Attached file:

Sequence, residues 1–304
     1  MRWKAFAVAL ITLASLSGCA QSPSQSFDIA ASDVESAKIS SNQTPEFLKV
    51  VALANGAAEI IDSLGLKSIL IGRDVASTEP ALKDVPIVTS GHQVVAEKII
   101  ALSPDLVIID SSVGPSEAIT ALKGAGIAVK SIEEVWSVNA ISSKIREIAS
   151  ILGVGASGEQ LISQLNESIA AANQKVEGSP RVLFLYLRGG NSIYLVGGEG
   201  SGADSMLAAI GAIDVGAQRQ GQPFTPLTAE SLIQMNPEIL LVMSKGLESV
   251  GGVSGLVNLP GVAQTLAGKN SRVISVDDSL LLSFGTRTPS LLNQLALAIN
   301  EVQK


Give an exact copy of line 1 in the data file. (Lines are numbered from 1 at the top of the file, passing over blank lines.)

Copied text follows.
Sequence, residues 1–304